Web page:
Monday 23 November 2009

Signalling Advent: stopping and waiting for the way ahead to become clear

gwr semaphore signal arm at danger enhanced bw

GWR semaphore signal at danger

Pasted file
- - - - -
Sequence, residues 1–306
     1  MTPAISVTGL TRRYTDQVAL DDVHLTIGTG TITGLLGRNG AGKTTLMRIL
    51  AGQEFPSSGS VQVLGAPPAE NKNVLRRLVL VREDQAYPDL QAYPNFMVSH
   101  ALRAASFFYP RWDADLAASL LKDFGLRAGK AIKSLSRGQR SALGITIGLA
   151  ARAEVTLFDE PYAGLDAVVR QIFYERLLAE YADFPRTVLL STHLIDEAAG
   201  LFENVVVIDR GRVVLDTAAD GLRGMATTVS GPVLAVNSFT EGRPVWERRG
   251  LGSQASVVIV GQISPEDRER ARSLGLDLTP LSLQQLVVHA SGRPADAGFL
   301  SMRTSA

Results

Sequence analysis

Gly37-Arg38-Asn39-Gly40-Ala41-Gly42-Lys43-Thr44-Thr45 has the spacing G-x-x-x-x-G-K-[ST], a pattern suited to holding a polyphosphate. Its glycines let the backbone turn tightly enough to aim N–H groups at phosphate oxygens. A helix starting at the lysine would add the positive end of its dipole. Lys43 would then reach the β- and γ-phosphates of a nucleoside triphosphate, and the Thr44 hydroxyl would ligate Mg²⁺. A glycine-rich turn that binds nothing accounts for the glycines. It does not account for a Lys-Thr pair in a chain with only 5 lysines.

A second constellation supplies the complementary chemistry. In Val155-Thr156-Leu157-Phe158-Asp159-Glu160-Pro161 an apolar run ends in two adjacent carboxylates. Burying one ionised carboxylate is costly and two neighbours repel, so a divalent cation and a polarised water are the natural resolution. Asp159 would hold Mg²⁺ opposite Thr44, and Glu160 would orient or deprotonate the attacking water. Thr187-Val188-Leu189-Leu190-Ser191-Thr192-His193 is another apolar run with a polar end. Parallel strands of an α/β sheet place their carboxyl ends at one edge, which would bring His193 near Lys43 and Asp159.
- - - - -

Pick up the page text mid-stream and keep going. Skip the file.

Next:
For the last few weeks in the life of the Church many of us have been thundering along through the lectionary heading at full speed towards last Sunday’s celebration of Christ the King. With the locomotive of our faith roaring at full power and pulling all the glorious weight of the Christian Tradition behind us we have romped along the liturgical tracks, carried forward by the momentum of Easter and Pentecost. Until now. Advent Sunday is ahead and the signal  has fallen to danger. Now we have to stop. The brakes screech on the wheels of the carriages, the locomotive shuts off power, and we begin to decelerate, drawing to a stop right next to the red signal. And we wait. And we wait. And we go on waiting, until speed becomes a memory. And in the waiting there is opened up space to reflect on the question of why we are making the journey at all. What destination have we in mind? In what direction of travel will the points be set? Has the signalman forgotten us? Experience tells us that the signal will be set at clear; that on Christmas Day we will be encouraged to apply the torque of all our expectations and faithfulness to the track once more. Slowly we will gain traction again. But the stopping and waiting are essential to our faith journey. In Advent we take nothing for granted and we rely wholly and solely on God’s promise to be birthed anew in our imaginations, ready for the next phase of our journey in discipleship and mission. So now we pause and come to a stop. Nothing moves. Silence descends. With the clamour of the train ceased, we can hear the soft, quiet sounds of longing all around and beyond us and discern the far-off cries of need echoing across the night sky. It is good to stop and wait. Only then can the way ahead become clear.

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